writing life

All posts tagged writing life

Here Comes the Sun

Published April 13, 2015 by Elsa Pla

I’ve been so busy with my job as school librarian and with growing my little online businesses, that time has flown by and I’ve hardly noticed. I can’t believe my last post was five months ago. Truth is I’ve been thinking and reading about writing during my bits of free time, but I haven’t been doing much actual writing. That said, the winter doldrums are over (yay!), and days are now longer and more productive, so it’s time to push forward and get some real writing done.

“Little darling, it’s been a long, cold, lonely winter. Little darling, it feels like years since it’s been here. Here comes the sun, here comes the sun, and I say: it’s all right.” –From “Here Comes the Sun” by the Beatles.

Three books I’ve read about reading and writing:

Windows on the World: Fifty Writers, Fifty Views by Matteo Pericoli (A collection of  pairings of drawings of well-known authors’ window views with the authors’ descriptions and reflections on those views. “A perceptual journey through the world as seen through the windows of prominent writers.” –Amazon) This book makes us aware of the effect our surroundings have on our writing.

What We See When We Read by Peter Mendelsund (A fascinating metacognitive study of what we visualize when we read.) This book also leads us to imagine what readers see when they read what we’ve written.

Ray Bradbury: The Last Interview and Other Conversations by Sam Weller (Contains discussions on Bradbury’s creative influences and writing process.) Anything written by or about Ray Bradbury is educational and motivational to any writer. Here’s a quote from the book:

“People will always give advice to a writer to slant, to write for the money. Don’t do that. Don’t do that. You will sicken and die. If you turn away from you–who you are, what you are, what you dream, what you need–you are going to wind up so unhappy, so miserable. It’s not worth it. Being poor isn’t so bad as long as you have your imagination and what you are. Being rich for the wrong reason is a lousy business, You aren’t rich at all.” –Ray Bradbury

Thank you, Ray, for making me feel happy about being poor but true to myself as a writer. 🙂

 

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A Push

Published July 9, 2013 by Elsa Pla

The Salty Sea

I took a leap of faith and self-published my second collection of poems in eBook format. It’s available through the Amazon Kindle store.

Today I’m posting 20 quotes.  (Because we all need a push sometimes.)

1- “The main rule of writing is that if you do it with enough assurance and confidence, you’re allowed to do whatever you like. So write your story as it needs to be written. Write it honestly, and tell it as best you can. I’m not sure that there are any other rules. Not ones that matter.” — Neil Gaiman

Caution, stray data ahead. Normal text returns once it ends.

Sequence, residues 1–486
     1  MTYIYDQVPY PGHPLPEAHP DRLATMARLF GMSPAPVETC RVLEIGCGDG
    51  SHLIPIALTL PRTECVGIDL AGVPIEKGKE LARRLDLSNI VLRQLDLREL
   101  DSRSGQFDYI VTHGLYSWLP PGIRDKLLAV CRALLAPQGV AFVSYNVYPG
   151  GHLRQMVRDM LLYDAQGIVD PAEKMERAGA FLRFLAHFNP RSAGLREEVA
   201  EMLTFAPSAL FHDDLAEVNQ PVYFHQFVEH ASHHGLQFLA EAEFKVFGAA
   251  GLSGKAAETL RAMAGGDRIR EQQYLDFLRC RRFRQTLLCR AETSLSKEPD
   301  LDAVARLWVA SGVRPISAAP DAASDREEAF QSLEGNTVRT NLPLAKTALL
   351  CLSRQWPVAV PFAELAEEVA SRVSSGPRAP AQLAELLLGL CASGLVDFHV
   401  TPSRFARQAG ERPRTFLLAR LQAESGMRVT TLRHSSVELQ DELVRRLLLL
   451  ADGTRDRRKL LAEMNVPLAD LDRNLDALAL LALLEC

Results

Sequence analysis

2- “You are responsible for the talent that has been entrusted to you. Go work with it.” –from workisnotajob.com

3- “Guard the time allotted to writing as a Hungarian Horntail guards its firstborn egg.” –J.K. Rowling

4- “By the time I am nearing the end of a story, the first part will have been reread and altered and corrected at least one hundred and fifty times. I am suspicious of both facility and speed. Good writing is essentially rewriting. I am positive of this.” –Roald Dahl.

5- “When asked ‘how do you write?’ I invariably answer, ‘one word at a time.'” –Stephen King

6- “It doesn’t matter how slow you go, so long as you don’t stop.” –Confucius

7- “Why worry? If you’ve done the very best you can, worrying won’t make it any better.” –Walt Disney

8- “The secret of getting ahead is getting started. The secret of getting started is breaking down your complex overwhelming tasks into small manageable tasks, and then starting on the first one.” –Mark Twain

9- “We should write because writing brings clarity and passion to the art of living. Writing is sensual, experiential, grounding. We should write because writing is good for the soul.” –Julia Cameron

10- “Find a subject you care about and which you in your heart feel others should care about. It is this genuine caring, and not your games with language, which will be the most compelling and seductive element in your style.” –Kurt Vonnegut

11- “Dance above the surface of the world. Let your thoughts lift you into creativity that is not hampered by opinion.” –Red Haircrow

12- “Why do I write for children? There is one good reason. I would hope to encourage some part of one generation at least to use their minds as minds are supposed to be used.” –Diana Wynne Jones

13- “I became a children’s book writer because it was the most subversive thing I could think to do.” –Bruce Coville

14- “You cannot hope to sweep someone else away by the force of your writing until it has been done to you.” –Stephen King

15- “Child, to say the very thing you really mean, the whole of it, nothing more or less or other than what you really mean; that’s the whole art and joy of words.” — C.S. Lewis

16- “We are cups, constantly and quietly being filled. The trick is knowing how to tip ourselves over and let the beautiful stuff out.” –Ray Bradbury